"The airline had operated the Dulles-to-Poughkeepsie route for 10 years, but the planes were flying empty several times," Colgan said. "We were losing money on it. There was no alternative."
Colgan uses two 12-passenger, two-engine Beechcraft 99 turboprop airplanes and, like many smaller commuters, relies heavily on corporations for business. The Dulles-to-Poughkeepse flights, for example, were dominated by IBM personnel shuttling between their Poughkeepsie headquarters and a Manassas components division.
Larger commuters such as Air Virginia in Lynchburg and Henson Aviation in Salisbury, Md., are picking up routes that have been dropped by larger firms. Under the provisions of the Airline Deregulation Act of 1978, the major carriers are no longer contracturally bound to fly unprofitable routes -- and, in addition, federal subsidies are available for these routes.
Newport News, for instance, a city of 250,000 in southeastern Virginia, was once served by four major airlines. Now only United Airlines remains, offering two flights a day. But Henson has signed a contract beginning this June for 10 flights a day to cities such as Philadelphia, Baltimore and Washington.
"We'll be using 30-passenger Shorts-330 airplanes with a stewardness, and are ordering 50-passenger DeHavilland-7s," Henson said. "We fit the site of the aircraft to the needs of the city."
But deregulation does not always man profitable routes. Air Virginia, the state's largest commuter line, has had 30 percent more passengers in the past three months and was recently chosen by the Civil Aeronautics Board to fly the route to Danville, Va., a town no longer served by Piedmont Airlines.
"It's not an economical route," said Air Virginia's executive vice-president, Dave Peel. "That operation will not support itself." And for that reason, the CAB subsidizes the Danville route: Air Virginia receives an average of $60,000 a month to service it.
Even for the expanding commuter airlines, however, rising costs are alarming. Colgan remembered "complaining that turbo fuel in 1971 cost 39 cents a gallon. Now it is over $1.50 a gallon."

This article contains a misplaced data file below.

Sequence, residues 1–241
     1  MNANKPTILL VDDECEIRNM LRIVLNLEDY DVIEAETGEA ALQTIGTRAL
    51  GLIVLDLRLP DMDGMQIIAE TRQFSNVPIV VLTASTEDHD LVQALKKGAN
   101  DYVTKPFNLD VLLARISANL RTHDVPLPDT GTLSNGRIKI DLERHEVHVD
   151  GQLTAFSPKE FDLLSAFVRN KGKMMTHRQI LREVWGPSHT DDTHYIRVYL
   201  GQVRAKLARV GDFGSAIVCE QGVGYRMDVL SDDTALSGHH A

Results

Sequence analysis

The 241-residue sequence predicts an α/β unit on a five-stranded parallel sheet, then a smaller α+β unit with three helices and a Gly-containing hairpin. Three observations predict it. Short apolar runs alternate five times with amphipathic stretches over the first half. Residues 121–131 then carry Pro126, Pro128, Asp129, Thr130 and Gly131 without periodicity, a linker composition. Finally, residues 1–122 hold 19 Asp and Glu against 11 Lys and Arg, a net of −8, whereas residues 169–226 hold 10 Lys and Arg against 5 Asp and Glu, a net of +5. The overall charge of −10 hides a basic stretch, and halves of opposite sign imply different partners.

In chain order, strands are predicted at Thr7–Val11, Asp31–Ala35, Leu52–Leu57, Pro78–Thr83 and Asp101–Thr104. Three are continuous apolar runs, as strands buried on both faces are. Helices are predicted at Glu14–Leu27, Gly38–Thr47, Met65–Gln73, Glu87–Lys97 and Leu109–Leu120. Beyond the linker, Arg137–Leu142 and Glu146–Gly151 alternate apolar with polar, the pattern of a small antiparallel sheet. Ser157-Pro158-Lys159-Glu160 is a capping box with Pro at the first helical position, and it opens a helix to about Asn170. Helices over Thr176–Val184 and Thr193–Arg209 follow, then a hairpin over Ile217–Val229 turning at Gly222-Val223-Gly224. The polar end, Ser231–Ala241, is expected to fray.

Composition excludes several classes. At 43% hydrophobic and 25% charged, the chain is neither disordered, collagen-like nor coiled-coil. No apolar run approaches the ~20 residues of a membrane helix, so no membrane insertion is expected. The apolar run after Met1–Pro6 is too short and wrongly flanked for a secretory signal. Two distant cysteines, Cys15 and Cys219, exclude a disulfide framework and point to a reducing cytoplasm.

Maintenance costs have also risen sharply. In 1971, the cost of an engine overhaul for a $350,000 Beechcraft 99 was under $15,000. Now, Colgan says, the same overhaul costs "more than $45,000."
Many of the costs have been passed onto consumers, resulting in a doubling of fares in the past nine years, Colgan said.
Colgan, who plans to restore his Poughkeepsie route month and rehire four pilots, said that a one-way ticket to that city now costs $83, compared with $46 in 1973.
Commuter airlines are also being caught in a credit pinch by the major oil companies, which have all but stopped selling to them at wholesale prices, according to the Commuter Airline Association of America.
With a fuel contract, jet fuel could be purchased for less than 50 cents a gallon. Without fuel contracts, commuter firms such as Air Virginia say they are forced to buy fuel on the spot market for as high as $2 a gallon and have had to raise ticket prices every quarter.
Many oil companies, as is the case with Exxon at Colgan Airways Corp., once furnished the airport with trucks and pipe, free of charge, for the purchased fuel.
"Three months ago they informed us that they could no longer afford to leave their equipment on our property and that we would have to buy it or it would be removed," Colgan said.
The two fuel trucks and pipe will cost Colgan an estimated $38,000, he added.
But despite the growing number of costs, most commuters airlines still believe that the 1980s will be the formative years of what is an emerging industry.